Editor's column

In times of high and low oil prices, the oil and gas industry has pursued innovation and steady technological advancement. In the last prolonged oil price slump, which began in the mid- 1980s, many international oil companies cut or outsourced research and development. This ushered in a wave of innovation and growth in the service sector, with service companies still the leaders in upstream R&D today.

A new book chronicles over a century of incredible technological breakthroughs and developments in the upstream sector, and the individuals and companies behind the innovations. Groundbreakers: The Story of Oilfield Technology and the People Who Made it Happen is written by historian Mark Mau and Henry Edmundson, a longtime employee of Schlumberger and founding editor of its wellregarded Oilfield Review. They tell the story of the industry’s technology achievements from the early wells at Baku, Titusville, and Spindletop, through significant developments in drilling, geophysics, and production engineering, up to the present day with breakthroughs and research into automation and nanotechnology. Sprinkled throughout the book are the pioneers and personalities who made many of these developments possible including many larger-than-life figures.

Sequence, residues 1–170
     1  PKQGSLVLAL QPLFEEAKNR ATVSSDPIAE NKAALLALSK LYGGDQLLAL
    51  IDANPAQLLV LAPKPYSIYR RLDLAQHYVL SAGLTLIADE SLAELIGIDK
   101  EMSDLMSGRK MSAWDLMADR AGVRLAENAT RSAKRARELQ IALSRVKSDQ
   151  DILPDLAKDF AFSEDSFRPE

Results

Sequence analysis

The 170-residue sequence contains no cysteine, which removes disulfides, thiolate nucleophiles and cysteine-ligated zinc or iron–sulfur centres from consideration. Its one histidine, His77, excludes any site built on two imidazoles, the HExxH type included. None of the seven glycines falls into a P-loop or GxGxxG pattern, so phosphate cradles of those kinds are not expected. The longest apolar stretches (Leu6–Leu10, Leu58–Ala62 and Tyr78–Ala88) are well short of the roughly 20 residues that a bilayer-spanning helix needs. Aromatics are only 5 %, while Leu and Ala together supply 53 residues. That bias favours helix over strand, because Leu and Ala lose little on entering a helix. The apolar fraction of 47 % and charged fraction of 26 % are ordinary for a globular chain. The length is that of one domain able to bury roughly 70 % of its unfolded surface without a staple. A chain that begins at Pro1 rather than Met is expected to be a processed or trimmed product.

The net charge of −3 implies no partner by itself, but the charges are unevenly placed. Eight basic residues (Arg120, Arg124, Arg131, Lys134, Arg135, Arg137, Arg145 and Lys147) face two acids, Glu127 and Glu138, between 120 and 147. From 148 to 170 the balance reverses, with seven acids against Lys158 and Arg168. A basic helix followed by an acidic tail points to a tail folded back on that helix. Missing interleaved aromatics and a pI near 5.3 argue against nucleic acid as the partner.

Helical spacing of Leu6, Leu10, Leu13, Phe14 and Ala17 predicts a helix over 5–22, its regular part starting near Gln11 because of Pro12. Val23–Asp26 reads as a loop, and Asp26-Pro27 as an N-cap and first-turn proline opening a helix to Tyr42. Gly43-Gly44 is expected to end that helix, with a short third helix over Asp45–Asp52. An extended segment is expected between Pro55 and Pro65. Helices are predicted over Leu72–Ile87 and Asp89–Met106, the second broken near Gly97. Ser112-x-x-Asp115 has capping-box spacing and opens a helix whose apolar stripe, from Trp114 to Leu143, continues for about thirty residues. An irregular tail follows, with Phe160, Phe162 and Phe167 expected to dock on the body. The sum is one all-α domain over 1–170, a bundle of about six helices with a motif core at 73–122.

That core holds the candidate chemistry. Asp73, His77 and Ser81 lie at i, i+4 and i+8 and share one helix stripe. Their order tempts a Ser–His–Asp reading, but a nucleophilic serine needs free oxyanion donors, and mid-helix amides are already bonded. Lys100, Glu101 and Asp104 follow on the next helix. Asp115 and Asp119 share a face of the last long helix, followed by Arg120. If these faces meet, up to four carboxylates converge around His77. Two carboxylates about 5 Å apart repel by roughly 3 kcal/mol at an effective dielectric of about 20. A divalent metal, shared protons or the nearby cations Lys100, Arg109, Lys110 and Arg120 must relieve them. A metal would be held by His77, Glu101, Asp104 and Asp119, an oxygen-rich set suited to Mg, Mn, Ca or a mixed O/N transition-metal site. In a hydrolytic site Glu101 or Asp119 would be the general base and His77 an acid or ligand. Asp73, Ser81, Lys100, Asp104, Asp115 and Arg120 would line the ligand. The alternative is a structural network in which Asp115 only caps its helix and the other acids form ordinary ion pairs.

The authors conducted interviews with more than 120 well-known industry veterans and experts in addition to poring over numerous technical papers. Many of the pioneers cited in the book were or still are SPE members, such as Henri Doll of Schlumberger, Erle Halliburton, and M. King Hubbert, famous for his predictions of peak oil production; Gus Archie, the Shell engineer who helped create the discipline of petrophysics; and Ed Horton, inventor of the spar and tension leg platform, whose obituary was published in these pages last month (October JPT, p. 99).

The work of recent recipients of major SPE awards and recognition are also discussed in the book. For example, Ken Arnold, SPE’s first Technical Director for Projects, Facilities, and Construction, who developed crucial recommended practices for offshore safety and design; Leon Robinson, known for numerous innovations in mud drilling, who was named a JPT Legend of Drilling in 2008; and Nansen Saleri, a recipient of SPE’s John Franklin Carll Award, who pioneered the concept of maximum reservoir contact, to name but a few.

From the beginning, one upstream innovation frequently led to others. The 1901 Spindletop gusher popularized the use of rotary drilling, which was quickly put to use in the fields of Romania and in California, and subsequently launched the use of drilling mud and Christmas trees. Spindletop proved the worth of exploring for oil under salt domes along the Texas and Louisiana coast, which gave rise to a huge regional oil and gas industry there.

The authors underscore the contributions of the exceptional individuals who have guided this progress through the decades. “Anyone joining the industry a generation ago would have ridiculed, let alone predicted, the notion of drilling horizontally, seeking reserves in water 10,000 ft deep, or monitoring a reservoir with 3D seismic,” they write. “It is the industry’s good fortune to have been well served by innovators who believed so much in their particular vision of the future that they were willing to sacrifice almost anything to see their ideas get developed.” JPT

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